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Reasons a prosecutor may drop charges

When a person receives criminal charges, this does not mean that the person in question is guilty. In fact, many criminal charges get dismissed before they ever reach trial or sentencing, depending on the facts of the arrest in question and the perspective of the prosecutor assigned to a given case.

Prosecutors retain a significant amount of power to reduce or dismiss charges if doing so aligns with the their principles and priorities. It is useful to consult with an attorney who understands the political and professional landscape of the local justice system when you receive charges, to help you asses how your case may potentially benefit from an understanding of these principles and priorities on the part of a prosecutor.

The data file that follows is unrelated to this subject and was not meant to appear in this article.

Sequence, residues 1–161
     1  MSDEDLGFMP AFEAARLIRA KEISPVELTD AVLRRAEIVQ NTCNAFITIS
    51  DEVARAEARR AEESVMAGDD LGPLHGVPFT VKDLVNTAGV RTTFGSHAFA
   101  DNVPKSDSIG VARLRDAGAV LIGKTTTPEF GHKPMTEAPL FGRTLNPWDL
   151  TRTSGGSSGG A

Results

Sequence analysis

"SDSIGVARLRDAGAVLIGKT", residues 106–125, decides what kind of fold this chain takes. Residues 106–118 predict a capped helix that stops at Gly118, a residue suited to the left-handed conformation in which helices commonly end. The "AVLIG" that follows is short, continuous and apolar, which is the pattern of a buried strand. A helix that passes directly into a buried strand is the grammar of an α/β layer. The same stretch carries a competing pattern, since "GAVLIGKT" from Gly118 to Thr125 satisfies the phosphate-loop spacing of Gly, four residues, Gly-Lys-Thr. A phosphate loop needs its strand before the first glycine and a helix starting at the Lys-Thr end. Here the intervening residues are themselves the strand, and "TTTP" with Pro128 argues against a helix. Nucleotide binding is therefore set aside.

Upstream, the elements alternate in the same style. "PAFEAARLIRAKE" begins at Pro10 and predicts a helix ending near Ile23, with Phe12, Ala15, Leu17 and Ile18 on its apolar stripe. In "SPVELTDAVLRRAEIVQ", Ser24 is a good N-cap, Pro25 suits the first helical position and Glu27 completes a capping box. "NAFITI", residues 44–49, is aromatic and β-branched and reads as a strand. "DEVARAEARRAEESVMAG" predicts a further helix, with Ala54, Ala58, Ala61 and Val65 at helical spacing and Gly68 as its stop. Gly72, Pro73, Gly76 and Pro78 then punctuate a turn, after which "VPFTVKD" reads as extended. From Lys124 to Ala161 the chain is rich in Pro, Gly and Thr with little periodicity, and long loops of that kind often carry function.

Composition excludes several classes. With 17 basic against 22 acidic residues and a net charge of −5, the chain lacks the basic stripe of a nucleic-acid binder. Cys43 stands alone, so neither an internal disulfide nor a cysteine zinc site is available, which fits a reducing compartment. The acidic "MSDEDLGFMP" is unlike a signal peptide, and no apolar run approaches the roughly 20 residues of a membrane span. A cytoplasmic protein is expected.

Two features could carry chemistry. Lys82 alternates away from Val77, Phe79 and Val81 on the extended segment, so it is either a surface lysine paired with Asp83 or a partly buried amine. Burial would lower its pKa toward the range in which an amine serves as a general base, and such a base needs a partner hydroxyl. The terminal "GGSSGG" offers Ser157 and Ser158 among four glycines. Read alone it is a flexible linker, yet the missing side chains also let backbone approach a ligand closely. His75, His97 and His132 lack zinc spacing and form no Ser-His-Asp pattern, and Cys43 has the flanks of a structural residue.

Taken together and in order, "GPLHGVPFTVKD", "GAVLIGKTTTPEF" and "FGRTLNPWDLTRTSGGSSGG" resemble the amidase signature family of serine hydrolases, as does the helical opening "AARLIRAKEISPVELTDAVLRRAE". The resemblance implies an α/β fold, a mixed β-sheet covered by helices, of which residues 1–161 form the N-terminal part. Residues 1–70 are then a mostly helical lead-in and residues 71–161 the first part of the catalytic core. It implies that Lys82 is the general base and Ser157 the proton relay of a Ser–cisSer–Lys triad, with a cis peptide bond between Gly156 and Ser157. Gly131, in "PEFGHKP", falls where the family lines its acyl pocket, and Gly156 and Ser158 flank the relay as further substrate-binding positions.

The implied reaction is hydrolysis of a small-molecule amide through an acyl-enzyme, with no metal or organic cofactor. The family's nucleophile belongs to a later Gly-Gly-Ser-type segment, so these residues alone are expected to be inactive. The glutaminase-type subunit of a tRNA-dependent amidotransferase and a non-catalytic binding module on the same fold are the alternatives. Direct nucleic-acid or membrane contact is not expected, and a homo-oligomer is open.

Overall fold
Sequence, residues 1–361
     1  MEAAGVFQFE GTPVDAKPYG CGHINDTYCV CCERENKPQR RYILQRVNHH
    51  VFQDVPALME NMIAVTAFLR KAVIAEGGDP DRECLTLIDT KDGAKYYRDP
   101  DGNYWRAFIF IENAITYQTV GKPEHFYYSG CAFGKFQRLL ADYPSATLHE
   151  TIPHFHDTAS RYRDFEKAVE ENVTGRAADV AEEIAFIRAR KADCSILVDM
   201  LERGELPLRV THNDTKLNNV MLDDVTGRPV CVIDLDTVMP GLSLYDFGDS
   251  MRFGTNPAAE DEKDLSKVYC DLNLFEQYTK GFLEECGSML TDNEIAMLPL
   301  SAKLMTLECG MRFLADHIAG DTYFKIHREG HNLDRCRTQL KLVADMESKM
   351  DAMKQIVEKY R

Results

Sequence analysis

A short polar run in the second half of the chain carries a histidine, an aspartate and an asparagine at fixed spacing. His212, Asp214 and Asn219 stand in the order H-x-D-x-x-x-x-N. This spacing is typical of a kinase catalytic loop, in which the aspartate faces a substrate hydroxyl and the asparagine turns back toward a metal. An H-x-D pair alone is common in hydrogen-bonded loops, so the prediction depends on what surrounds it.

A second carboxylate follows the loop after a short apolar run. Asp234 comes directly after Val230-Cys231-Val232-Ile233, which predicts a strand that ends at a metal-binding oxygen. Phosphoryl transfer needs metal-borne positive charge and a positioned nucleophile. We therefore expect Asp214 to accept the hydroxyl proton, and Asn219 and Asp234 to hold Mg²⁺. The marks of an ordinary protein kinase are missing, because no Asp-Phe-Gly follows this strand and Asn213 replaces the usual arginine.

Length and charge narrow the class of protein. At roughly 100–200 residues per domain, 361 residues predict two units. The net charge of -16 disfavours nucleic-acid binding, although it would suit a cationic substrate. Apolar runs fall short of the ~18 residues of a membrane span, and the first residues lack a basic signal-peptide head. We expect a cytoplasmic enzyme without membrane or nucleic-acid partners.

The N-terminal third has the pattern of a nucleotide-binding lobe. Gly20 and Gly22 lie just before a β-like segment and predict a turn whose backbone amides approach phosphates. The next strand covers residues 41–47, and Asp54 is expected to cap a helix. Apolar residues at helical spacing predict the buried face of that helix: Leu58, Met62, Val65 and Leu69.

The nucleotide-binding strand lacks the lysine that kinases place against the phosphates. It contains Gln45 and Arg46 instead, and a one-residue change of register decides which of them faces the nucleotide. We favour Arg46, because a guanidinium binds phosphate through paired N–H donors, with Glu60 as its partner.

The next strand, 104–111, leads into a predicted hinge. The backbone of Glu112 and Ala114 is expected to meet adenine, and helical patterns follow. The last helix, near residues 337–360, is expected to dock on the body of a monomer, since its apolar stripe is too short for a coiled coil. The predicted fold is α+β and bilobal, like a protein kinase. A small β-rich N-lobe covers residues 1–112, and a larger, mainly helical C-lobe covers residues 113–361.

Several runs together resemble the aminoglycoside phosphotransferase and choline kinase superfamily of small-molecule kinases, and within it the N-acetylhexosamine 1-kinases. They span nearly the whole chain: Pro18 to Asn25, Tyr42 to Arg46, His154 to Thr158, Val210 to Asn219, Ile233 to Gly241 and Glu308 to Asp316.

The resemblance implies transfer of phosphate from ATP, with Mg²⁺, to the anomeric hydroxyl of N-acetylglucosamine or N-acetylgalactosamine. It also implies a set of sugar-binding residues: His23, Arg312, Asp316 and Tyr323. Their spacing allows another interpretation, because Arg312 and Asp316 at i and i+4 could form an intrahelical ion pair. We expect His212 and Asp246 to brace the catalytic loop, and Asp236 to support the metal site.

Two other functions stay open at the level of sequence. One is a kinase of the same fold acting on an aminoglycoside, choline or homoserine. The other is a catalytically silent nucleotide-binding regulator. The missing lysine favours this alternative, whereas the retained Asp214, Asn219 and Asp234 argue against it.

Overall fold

For example, if a police officer arrests a person, such as tourist, and video footage of the arrest makes the rounds on social media, it is possible that public outcry over perceived unfair behavior in the video may influence a prosecutor who does not want to endanger his or her larger goals for the position. Similarly, if a particular arrest is obviously unwarranted, a reasonable prosecutor may review the facts of the case and agree to drop the charges out of recognition that the charges themselves are faulty.

While these strategies are not always applicable, many individuals who face criminal charges do not realize that it is always wise to consider the nature of the prosecution handling a particular case. If you need help defending your rights in the face of criminal charges, be sure to consider all your options and build a strong legal defense to protect your rights and your future.

Source: FindLaw, "What Happens When You're Charged with a Crime," accessed Jan. 19, 2018

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